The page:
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Byrne joins bipartisan effort to shrink nation’s skills gap

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By Staff
Alabama Political Reporter

Thursday, Congressman Bradley Byrne, R-Montrose, joined bipartisan colleagues in introducing the Career Advancement Through New Skills Act, H.R. 4088.

Representatives Byrne, Mike Thompson, D-CA, Derek Kilmer, D-Wash., and Randy Hultgren, R-Illinois, introduced legislation which would incentivize employers to invest in their employees, giving them the necessary training to close the skill gap that exists between employers’ needs and employees in many industries.

The legislation would create a tax credit for 25 percent of the first $5,000 that an employer spends on qualified education and training expenses for an employee. These qualified education and training expenses include the cost of programs or training to maintain or improve the skills of workers to meet the employer’s needs.

“As a Congress, we should always be looking for new ways to help Americans gain the skills they need to succeed in today’s 21st Century economy. Training programs are more important than ever before in connecting Americans with high paying jobs and closing the skills gap that is plaguing many industries today. Through this bipartisan legislation, we can make a real impact by encouraging employers to take a direct and active role in job training,” Byrne said.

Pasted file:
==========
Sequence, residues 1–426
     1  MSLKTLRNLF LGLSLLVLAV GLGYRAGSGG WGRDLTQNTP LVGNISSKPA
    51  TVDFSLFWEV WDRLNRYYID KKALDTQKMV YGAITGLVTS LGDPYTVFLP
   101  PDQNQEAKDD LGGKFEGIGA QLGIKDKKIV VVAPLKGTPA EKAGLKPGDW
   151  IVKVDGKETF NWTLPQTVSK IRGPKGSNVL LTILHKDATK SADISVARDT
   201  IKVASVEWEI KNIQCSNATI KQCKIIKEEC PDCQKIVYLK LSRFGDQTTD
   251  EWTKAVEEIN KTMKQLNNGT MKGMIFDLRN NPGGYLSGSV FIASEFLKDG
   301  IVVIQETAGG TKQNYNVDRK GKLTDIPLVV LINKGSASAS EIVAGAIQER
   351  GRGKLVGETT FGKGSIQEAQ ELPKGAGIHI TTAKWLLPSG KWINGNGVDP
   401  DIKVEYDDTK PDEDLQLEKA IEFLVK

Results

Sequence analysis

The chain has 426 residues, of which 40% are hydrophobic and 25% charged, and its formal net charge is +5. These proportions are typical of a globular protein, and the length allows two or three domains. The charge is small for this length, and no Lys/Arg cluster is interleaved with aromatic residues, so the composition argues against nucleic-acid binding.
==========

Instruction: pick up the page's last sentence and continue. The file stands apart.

“The nation’s skills gap is significant. Small businesses across the country report being unable to find qualified applicants and CEOs report shortages of workers for skilled, well-paying jobs. This bill would help narrow that gap by encouraging businesses to invest in the education and training of their employees, helping workers expand their skills while earning money and advancing their career, and giving employers the skilled workforce they need to build their businesses,” Rep. Thompson stated.

“Giving seasoned employees the opportunity to learn and build new skills while on the job helps our economy grow. The federal government can and should be a partner in supporting classes and training offered by companies that can give more stability to their workers and put them in a position to earn more money,” Rep. Kilmer said.

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“One the greatest challenges facing workers today is connecting the skills and knowledge they have with the jobs that actually exist. Similarly, small businesses have trouble finding qualified applicants for the jobs of the 21st century. This bill encourages these employers to put resources toward training and educating workers for the jobs that exist now. Let’s help the backbone of our economy—small businesses—create opportunity for their workers in order to grow,” Rep. Hultgren stated.

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H.R. 4088 has been referred to the House Committee on Ways and Means where it awaits action by the committee.

Employee skills training is already tax deductible, meaning that it cuts the taxable income on a dollar by dollar basis.  A tax credit, however, actually decreases the tax owed amount.

Byrne is the former head of the Alabama Two Year College System; he served in the state Senate and also on the state school board.

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